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  8. Your wife has made a science of brownie baking - great notes. I was going to say why don't you stick the dish in the fridge after the first 1/2 hour but obviously you have tried everything. The Freezer? To speed up the process? The problem for me would be running out of light for the photography - unless you started the process early in the morning. Once I have baked the dish, I am always keen to get on to the photography part and would suffer with waiting 5 hours. And then there's the desire to taste one....

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    1. Hi Suzanne, she really has spent a lot of time perfecting this (someone has to do it!). You might be able to get by cutting them after a couple of hours, and maybe the pieces will hang together - but they really do need time to just sit. The freezer doesn't really help. I actually took these photos (all except the overhead shot) the next day - she really did make a double batch, and we had some crumbs the first day just because the flavor of these is so irresistible. ;-) Thanks for your comment.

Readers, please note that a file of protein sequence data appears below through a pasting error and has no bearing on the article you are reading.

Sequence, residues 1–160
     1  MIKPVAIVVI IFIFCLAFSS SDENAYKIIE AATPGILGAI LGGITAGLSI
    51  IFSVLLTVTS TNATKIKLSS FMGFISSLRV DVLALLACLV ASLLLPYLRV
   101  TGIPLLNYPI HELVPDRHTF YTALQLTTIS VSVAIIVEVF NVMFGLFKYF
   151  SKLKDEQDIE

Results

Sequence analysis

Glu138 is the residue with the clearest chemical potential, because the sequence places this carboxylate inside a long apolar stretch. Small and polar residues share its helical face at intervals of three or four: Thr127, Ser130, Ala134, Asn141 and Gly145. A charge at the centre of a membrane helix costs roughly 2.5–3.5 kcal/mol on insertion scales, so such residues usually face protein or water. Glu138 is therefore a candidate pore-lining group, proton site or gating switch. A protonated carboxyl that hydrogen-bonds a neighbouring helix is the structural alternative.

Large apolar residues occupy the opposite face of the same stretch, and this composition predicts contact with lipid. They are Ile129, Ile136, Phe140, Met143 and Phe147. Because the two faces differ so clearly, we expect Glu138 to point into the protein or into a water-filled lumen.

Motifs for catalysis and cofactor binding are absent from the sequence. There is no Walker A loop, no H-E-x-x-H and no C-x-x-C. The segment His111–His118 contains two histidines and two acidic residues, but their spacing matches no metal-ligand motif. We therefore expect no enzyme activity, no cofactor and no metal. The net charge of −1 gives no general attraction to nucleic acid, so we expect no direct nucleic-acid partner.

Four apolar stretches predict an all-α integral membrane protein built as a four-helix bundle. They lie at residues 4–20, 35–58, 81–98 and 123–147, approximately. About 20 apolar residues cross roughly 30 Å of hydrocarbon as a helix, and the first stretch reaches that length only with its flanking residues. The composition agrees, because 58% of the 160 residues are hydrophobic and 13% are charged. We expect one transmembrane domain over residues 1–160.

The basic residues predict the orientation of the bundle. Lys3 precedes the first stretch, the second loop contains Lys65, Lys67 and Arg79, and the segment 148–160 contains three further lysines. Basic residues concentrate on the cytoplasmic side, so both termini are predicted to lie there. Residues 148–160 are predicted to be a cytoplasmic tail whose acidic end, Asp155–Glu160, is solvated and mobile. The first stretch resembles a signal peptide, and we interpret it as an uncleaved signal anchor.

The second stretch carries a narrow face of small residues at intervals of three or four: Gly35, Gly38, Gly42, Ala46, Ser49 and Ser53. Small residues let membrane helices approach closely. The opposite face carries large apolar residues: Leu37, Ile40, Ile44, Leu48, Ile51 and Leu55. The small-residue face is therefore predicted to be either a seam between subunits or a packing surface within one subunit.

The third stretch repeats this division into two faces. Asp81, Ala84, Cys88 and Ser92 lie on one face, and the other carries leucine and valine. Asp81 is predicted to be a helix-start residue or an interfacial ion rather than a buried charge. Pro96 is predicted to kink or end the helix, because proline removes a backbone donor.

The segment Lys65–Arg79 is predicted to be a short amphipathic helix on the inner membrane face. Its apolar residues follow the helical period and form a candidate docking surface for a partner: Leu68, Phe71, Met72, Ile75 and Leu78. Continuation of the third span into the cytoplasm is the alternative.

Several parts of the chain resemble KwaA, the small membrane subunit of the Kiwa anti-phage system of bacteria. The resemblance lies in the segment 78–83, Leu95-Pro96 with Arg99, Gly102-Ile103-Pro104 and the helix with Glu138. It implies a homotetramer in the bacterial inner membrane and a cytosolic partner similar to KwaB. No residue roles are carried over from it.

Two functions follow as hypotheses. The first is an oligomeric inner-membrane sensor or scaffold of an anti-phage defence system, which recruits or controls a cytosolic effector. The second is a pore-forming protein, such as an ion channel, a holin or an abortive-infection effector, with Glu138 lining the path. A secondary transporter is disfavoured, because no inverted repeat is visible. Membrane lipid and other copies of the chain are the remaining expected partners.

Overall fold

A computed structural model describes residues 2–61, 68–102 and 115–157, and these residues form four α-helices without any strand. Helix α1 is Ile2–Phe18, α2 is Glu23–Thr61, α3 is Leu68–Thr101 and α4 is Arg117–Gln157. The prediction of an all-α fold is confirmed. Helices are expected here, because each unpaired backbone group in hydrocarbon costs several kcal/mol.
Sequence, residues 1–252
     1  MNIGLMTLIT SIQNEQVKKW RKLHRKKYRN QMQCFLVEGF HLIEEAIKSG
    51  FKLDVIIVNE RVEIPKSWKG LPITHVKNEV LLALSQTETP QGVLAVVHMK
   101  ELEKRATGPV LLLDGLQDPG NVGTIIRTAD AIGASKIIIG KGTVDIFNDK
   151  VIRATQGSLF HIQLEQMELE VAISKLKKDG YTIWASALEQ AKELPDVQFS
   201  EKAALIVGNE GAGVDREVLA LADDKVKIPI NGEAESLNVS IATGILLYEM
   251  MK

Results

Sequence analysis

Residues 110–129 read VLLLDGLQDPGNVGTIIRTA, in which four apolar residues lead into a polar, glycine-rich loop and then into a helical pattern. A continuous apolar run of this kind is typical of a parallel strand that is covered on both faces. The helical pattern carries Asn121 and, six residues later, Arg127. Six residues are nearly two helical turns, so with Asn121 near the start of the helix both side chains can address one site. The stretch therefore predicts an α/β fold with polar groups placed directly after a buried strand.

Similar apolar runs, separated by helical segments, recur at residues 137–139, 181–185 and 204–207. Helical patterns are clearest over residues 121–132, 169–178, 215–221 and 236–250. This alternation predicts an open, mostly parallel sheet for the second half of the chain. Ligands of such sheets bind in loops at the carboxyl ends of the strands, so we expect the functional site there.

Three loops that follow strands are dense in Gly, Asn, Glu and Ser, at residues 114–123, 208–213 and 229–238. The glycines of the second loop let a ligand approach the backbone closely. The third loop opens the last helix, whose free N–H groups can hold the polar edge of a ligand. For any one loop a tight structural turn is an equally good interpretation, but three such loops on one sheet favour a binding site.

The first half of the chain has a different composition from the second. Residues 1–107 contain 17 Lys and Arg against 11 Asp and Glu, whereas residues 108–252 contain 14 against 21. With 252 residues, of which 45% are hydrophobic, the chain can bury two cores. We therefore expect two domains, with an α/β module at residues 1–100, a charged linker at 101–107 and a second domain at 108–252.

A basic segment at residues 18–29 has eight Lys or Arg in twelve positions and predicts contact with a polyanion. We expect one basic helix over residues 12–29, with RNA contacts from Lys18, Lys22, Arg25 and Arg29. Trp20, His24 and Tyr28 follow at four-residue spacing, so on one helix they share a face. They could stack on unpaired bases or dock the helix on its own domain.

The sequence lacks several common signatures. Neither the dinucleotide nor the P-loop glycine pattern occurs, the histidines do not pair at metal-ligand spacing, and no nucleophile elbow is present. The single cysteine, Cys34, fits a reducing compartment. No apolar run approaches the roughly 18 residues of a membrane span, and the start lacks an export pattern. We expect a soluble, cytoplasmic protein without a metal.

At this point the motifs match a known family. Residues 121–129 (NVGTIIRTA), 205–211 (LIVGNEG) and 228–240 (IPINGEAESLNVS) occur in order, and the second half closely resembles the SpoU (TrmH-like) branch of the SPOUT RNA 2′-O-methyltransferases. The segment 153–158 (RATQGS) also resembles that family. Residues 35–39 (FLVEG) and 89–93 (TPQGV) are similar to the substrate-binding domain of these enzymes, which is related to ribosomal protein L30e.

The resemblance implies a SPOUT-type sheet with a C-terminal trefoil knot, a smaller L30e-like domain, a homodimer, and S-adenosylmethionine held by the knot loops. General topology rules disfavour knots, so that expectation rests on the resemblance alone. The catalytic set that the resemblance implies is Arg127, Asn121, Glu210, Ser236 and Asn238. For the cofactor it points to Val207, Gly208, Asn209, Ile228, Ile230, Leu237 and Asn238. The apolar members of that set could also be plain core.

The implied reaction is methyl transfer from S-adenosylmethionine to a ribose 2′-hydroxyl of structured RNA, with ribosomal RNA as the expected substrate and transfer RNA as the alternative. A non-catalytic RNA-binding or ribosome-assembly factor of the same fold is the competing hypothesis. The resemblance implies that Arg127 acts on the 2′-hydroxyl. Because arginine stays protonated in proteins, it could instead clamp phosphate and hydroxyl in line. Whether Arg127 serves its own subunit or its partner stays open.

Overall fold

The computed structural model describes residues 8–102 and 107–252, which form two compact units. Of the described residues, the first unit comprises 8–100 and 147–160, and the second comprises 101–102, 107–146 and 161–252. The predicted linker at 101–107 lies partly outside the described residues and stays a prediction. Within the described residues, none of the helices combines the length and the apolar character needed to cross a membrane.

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  9. Oh - goodness! Look at those scrumptious bars. Thanks for sharing your tips as well. I love a little sprinkle of powdered sugar on my brownies too :)

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    1. Hi Yudith, be careful: these are addictive! ;-) Thanks for your comment.

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  10. My God, I'd eat the crumbs too and whisk away the evidence. :) These brownies look so good!

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    1. Hi Maureen, these are really super. You should bake them for your afternoon tea. With any luck, your John will find them too sweet, so you'll get the entire batch. ;-) Thanks for your comment.